Grant Hedrick? Who’s that? I think I’ve heard of a Grant *Hendrick*, but not the previously mentioned individual.
Dialogue of that nature has surely risen in the aftermath of losing quarterback, Joe Southwick. A frenzy of confusion as to what the Broncos and Coach Petersen plan to do for the remainder of the season is surely practical. Therefore, it would only make sense to review who exactly Grant Hedrick is: Grant is red-shirt junior from Independence, Oregon. He played football and graduated from Central High School. As a senior, Grant was named Oregon’s high school football player of the year. Similar to past and present Boise State quarterbacks, Hedrick lacks ideal height, but has an array of other intangibles. His biggest asset being his legs, Hedrick, has top-notch speed. Short-fast strides and quick feet make him far more explosive than you’d expect from a quarterback. He gives the position a boom possibility even when he’s not throwing, something the prototypical pocket-passer doesn’t have.
Hedrick has/had been forgotten, Southwick was the now and the future was already pre-determined. Those who love looking ahead (such as myself) are zealous for the likes of either Nick Patti or Jalen Greene. Patti–a big name recruit from Florida has had everyone excited from the moment he arrived in Boise. Labeled the real heir apparent to Kellen Moore…and if some were to have it their way; would have started long ago.
Jalen Greene is a different story. Greene is verbally committed to Boise State for the 2014 season, NOT signed to a letter of intent—very different. One states an athlete is planning to play at a given university, the other requires an athlete to end all additional recruiting and attend the university he signed the intent for. It is important to know the difference because Jalen has not yet signed his letter of intent; consequently there is always a chance he made decide to take his talents elsewhere. IF, he does happen to elect Boise State as his college of choice, BSU will be receiving a phenomenal talent. The true definition of a dual-threat quarterback, Jalen can run and make it look easy, but also has a sniper-like arm. I forgot to mention… he’s left handed (EYES GET BIG). If you believe in repeated destiny—start your own recruiting pitch now—this kid might be the real deal.
With that, it’s understandable how Hedrick fell by the wayside. Now is unexpectedly his time though and deservedly so, it’s not fair to call it an audition, but ultimately that’s what it is. If he succeeds, he might lock up next years starting quarterback position, if he scuffles—2014 is that much more interesting.
If I were to predict the future, I’d put my money on option-A. Let me explain by starting with this; Hedrick is a perfect fit for the offense. If it were three years ago, I would have said something completely different. This new offense is concentrated on making quick plays and not letting the defense get comfortable by playing at such a rapid pace. Nothing says uncomfortable like a QB who can spread you out and then run it past you. The “Pistol” (offensive formation) sets are far more dangerous with a mobile quarterback. Unfortunately, we have yet to see Hedrick throw the ball more than a few times, so that is still a cause for concern. Admittedly stubborn, I don’t believe we will be losing much in the passing game…IF, he can take care of the ball and make the short throws consistently (A big if). Joe’s biggest strengths were his command of the offense, short game accuracy, and ability to connect with receivers while under pressure. BUT, he lacked the consistent–accurately placed deep ball. This talent is important and was surely missed since Kellen’s departure; it gives the offense another dimension–without it, safeties and cornerbacks can play tight coverage and cheat-in; ultimately creating a chain-reaction of less effectiveness. Thus inhibiting the offense—when and if it were in a position where passing is the only option. Not to say that Hedrick has a gun for an arm, because he doesn’t, but he can replace what’s lost in the non-existent deep ball with his legs.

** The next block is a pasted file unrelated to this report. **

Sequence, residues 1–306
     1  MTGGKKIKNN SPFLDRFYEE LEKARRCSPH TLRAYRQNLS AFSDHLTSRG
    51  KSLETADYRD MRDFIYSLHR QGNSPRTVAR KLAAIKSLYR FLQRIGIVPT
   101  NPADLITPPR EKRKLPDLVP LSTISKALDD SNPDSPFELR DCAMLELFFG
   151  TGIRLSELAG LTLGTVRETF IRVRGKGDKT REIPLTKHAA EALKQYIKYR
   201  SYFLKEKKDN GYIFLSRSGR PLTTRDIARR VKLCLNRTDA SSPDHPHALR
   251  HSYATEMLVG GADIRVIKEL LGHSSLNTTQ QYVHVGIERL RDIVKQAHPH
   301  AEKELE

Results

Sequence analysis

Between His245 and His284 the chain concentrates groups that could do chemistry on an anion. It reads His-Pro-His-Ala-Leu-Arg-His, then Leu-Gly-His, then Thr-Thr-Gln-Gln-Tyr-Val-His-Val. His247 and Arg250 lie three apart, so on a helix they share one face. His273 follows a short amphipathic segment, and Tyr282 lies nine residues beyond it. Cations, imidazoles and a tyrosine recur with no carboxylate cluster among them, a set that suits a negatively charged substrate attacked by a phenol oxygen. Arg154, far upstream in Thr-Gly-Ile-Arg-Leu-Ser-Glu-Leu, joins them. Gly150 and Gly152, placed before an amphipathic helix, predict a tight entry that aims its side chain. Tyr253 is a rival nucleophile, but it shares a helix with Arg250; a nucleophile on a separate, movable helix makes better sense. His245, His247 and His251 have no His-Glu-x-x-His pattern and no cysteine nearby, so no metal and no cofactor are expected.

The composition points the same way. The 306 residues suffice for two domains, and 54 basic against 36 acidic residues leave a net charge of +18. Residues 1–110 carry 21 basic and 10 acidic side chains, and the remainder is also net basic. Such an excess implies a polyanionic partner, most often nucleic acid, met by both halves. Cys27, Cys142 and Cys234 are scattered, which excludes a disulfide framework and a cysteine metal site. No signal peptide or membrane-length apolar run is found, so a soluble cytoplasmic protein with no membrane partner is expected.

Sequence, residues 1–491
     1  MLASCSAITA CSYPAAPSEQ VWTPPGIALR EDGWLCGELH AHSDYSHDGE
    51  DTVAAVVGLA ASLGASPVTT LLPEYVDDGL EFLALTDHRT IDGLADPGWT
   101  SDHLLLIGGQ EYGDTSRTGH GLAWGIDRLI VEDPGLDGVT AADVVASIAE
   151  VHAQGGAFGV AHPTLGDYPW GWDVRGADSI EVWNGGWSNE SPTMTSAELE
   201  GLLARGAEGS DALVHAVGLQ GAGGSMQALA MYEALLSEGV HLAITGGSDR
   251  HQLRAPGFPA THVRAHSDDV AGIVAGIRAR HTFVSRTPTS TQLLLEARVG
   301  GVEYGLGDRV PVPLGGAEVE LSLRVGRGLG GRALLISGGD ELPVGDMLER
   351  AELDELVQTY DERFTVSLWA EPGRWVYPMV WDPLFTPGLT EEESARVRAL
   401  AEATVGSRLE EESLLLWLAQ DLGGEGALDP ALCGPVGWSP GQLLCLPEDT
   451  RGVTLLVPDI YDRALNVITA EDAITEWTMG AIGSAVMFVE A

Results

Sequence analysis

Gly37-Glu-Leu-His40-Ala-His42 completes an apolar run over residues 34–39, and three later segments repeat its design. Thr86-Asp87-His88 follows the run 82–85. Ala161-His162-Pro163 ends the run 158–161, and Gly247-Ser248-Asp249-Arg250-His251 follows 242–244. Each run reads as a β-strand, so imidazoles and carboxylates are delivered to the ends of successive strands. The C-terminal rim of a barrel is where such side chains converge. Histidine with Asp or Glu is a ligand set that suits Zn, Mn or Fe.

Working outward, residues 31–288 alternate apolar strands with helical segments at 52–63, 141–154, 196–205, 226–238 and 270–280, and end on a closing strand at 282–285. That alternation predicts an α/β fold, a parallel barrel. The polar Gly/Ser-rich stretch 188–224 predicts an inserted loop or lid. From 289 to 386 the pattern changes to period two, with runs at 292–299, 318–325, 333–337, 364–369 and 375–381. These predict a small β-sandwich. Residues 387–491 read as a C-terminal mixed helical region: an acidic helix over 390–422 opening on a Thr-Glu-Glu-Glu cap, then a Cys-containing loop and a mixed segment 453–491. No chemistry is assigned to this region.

I can hope the above statements are not translated into me saying that Hedrick is the superior talent, but I can understand how that indication is possible. Better fit—not superior talent. Hedrick will bring another element to an already explosive offense while hopefully not sacrificing another. Prepare yourself for a steady dose of a Hedrick/Ajayi rushing attack (full of read-options).If the small sample-size vs. Nevada is anything like the future, boy, we’re in for a treat (maybe a trick too… HAPPY HALLOWEEN, hahaha… I crack myself up).
So…without further ado, Grant Hedrick. He is the surrogated “now” quarterback, and most likely the one of the immediate future.
Good luck kid, we’re all pulling for you.
3. Enjoy the Show-
Bronco fans are fortunate to have two superstars on the current Boise State roster: Demarcus Lawrence and Jay Ajayi. One might end up winning the award for Mountain West Defensive Player of The Year and the other should AT LEAST be First Team All-Mountain West.
Even the challenger can’t help but respect and give high praise; BYU linebacker, Kyle Van Noy (this week’s opponent) was quoted saying the following when asked about Ajayi- “That’s an NFL running back.” Although I am certainly a partial to Ajayi; I couldn’t agree more.
Jay has the tools to be an NFL player, but… Demarcus Lawrence has the tools and well roundedness needed to not only get drafted, but also start on Sundays. Scouts are so intrigued by his supreme pass-rush skills and recently, his high-motor. He is the Boise State model for one of their fundamental words- relentless. It’s the hammer tradition in a nut-shell; Demarcus is that.
Here are Jay Ajayi’s and Demarcus Lawrence’s 2013 stats and how they rank up in the country:
Rushing yards- 766 (16th in the Nation)
Rushing touchdowns- 12 (Tied-1st in the Nation)
Yards per attempt- 5.67 (N/A)
Sacks per game- 1.1 (5th in the Nation)
Total sacks- 6.5 (Tied 5th in the Nation)
Total tackles- 38 (N/A)
Should be fun to watch!